CEO-worker pay gaps make no sense for Wall Street banks

The Pak Banker - - FRONT PAGE -

The US Se­cu­ri­ties and Ex­change Com­mis­sion this week adopted a new rule re­quir­ing public com­pa­nies to dis­close how much money CEOs earn in com­par­i­son to typ­i­cal em­ploy­ees. Part of the Dodd-Frank fi­nan­cial re­form act, the rule has been ap­plauded by many. The Times said the re­quire­ment could help share­hold­ers make de­ci­sions on com­pany per­for­mance based on things like morale and turnover.

But when it comes to Wall Street firms - which the rule was pre­sum­ably de­signed for, since Dodd-Frank is a Wall Street re­form law - it may not show a great deal. The pay gap rule has al­ready re­ceived crit­i­cism for a num­ber of rea­sons. For ex­am­ple, it re­quires com­pa­nies to com­pare chief ex­ec­u­tive pay with the me­dian em­ployee com­pen­sa­tion, rather than the mean.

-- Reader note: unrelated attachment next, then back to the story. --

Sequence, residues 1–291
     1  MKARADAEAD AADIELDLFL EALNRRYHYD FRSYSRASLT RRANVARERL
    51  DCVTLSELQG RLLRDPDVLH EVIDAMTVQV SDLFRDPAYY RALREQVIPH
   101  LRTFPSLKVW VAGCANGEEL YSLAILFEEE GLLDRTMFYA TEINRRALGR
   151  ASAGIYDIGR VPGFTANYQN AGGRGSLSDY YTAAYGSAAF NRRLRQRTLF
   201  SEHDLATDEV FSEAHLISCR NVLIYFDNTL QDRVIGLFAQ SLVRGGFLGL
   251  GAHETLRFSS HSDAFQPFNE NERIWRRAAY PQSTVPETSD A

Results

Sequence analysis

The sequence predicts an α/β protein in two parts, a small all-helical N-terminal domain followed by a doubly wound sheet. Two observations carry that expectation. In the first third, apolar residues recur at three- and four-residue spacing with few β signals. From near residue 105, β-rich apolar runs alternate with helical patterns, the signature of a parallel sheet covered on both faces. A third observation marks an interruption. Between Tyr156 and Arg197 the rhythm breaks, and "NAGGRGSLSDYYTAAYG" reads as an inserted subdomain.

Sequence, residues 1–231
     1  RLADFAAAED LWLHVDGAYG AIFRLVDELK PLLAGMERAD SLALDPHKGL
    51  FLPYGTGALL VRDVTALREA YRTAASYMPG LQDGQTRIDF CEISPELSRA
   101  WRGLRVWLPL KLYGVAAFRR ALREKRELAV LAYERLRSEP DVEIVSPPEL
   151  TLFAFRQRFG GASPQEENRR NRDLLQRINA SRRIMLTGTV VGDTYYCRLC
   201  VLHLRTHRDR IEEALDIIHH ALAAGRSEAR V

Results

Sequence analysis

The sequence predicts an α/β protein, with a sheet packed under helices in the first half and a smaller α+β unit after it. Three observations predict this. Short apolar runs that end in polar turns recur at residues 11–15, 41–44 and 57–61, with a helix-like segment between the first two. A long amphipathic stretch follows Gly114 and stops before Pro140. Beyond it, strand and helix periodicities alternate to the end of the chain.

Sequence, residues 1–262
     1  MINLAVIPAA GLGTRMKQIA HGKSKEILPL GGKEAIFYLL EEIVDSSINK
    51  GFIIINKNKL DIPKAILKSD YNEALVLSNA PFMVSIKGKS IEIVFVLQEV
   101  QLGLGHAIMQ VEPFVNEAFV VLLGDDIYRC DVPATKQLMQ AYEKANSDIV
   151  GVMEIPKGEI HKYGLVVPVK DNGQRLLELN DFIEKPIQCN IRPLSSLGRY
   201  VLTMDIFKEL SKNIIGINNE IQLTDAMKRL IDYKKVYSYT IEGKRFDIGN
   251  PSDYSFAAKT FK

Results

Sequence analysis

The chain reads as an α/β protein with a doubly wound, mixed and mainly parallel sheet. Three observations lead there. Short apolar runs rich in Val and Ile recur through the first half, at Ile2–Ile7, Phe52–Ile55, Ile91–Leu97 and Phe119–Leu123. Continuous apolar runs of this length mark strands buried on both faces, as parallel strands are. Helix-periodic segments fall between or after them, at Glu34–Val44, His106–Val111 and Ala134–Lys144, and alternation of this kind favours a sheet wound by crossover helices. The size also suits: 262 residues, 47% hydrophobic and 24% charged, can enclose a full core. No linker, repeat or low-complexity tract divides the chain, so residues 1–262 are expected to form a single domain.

Com­pa­nies will be al­lowed to choose their own method­ol­ogy for iden­ti­fy­ing the me­dian em­ployee, in­clud­ing us­ing sam­ples of the em­ployee pop­u­la­tion rather than the full body. The con­cern, as voiced by For­tune's S. Ku­mar, is that com­pa­nies could throw in a few higher-paid em­ploy­ees and ex­clude some lower-level work­ers when cal­cu­lat­ing the me­dian. That would ul­ti­mately re­duce the wage gap.

But even if the SEC had re­quired com­pa­nies to take the av­er­age pay of all em­ploy­ees, it would still be hard to glean any­thing from the re­sults - es­pe­cially for Wall Street firms with siz­able in­vest­ment bank­ing arms.

We cal­cu­lated the pay gaps for six of the big­gest banks, based on av­er­age em­ployee pay. To do that, we looked at 2014 CEO com­pen­sa­tion data from proxy state­ments, to­tal em­ployee com­pen­sa­tion in 2014 from bal­ance sheets in quar­terly and an­nual re­ports, and the to­tal num­ber of em­ploy­ees at each bank.

Here's what those pay ra­tios look like:

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